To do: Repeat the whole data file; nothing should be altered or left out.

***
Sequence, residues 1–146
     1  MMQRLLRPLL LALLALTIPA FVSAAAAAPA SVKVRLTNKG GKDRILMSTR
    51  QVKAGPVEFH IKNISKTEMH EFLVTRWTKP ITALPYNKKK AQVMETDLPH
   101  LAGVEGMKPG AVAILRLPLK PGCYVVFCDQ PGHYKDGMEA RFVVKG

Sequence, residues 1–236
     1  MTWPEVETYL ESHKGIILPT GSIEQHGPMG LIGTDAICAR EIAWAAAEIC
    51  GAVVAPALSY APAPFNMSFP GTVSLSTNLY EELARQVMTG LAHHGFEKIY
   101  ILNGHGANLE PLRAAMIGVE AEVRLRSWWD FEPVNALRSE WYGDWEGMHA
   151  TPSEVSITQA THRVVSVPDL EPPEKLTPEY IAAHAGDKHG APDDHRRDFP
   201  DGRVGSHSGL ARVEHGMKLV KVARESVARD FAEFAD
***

Sequence, residues 1–146
     1  MMQRLLRPLL LALLALTIPA FVSAAAAAPA SVKVRLTNKG GKDRILMSTR
    51  QVKAGPVEFH IKNISKTEMH EFLVTRWTKP ITALPYNKKK AQVMETDLPH
   101  LAGVEGMKPG AVAILRLPLK PGCYVVFCDQ PGHYKDGMEA RFVVKG

Sequence, residues 1–236
     1  MTWPEVETYL ESHKGIILPT GSIEQHGPMG LIGTDAICAR EIAWAAAEIC
    51  GAVVAPALSY APAPFNMSFP GTVSLSTNLY EELARQVMTG LAHHGFEKIY
   101  ILNGHGANLE PLRAAMIGVE AEVRLRSWWD FEPVNALRSE WYGDWEGMHA
   151  TPSEVSITQA THRVVSVPDL EPPEKLTPEY IAAHAGDKHG APDDHRRDFP
   201  DGRVGSHSGL ARVEHGMKLV KVARESVARD FAEFAD